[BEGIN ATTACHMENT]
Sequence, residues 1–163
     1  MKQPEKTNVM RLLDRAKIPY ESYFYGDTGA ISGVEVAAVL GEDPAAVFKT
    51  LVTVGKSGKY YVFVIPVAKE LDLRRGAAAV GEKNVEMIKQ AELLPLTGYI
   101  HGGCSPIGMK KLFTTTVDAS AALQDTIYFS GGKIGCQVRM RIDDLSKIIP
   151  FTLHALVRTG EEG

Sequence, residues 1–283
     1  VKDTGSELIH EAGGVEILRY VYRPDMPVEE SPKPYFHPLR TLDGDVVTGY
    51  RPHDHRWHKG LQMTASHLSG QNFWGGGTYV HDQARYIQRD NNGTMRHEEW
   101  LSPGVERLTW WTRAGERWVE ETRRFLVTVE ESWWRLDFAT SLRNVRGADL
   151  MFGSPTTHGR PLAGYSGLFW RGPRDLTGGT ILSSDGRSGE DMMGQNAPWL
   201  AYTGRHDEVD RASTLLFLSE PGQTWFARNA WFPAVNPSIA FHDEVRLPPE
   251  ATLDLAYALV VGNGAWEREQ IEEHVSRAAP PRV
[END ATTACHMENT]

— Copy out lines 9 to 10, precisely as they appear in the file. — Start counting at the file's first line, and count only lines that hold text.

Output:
   101  LSPGVERLTW WTRAGERWVE ETRRFLVTVE ESWWRLDFAT SLRNVRGADL
   151  MFGSPTTHGR PLAGYSGLFW RGPRDLTGGT ILSSDGRSGE DMMGQNAPWL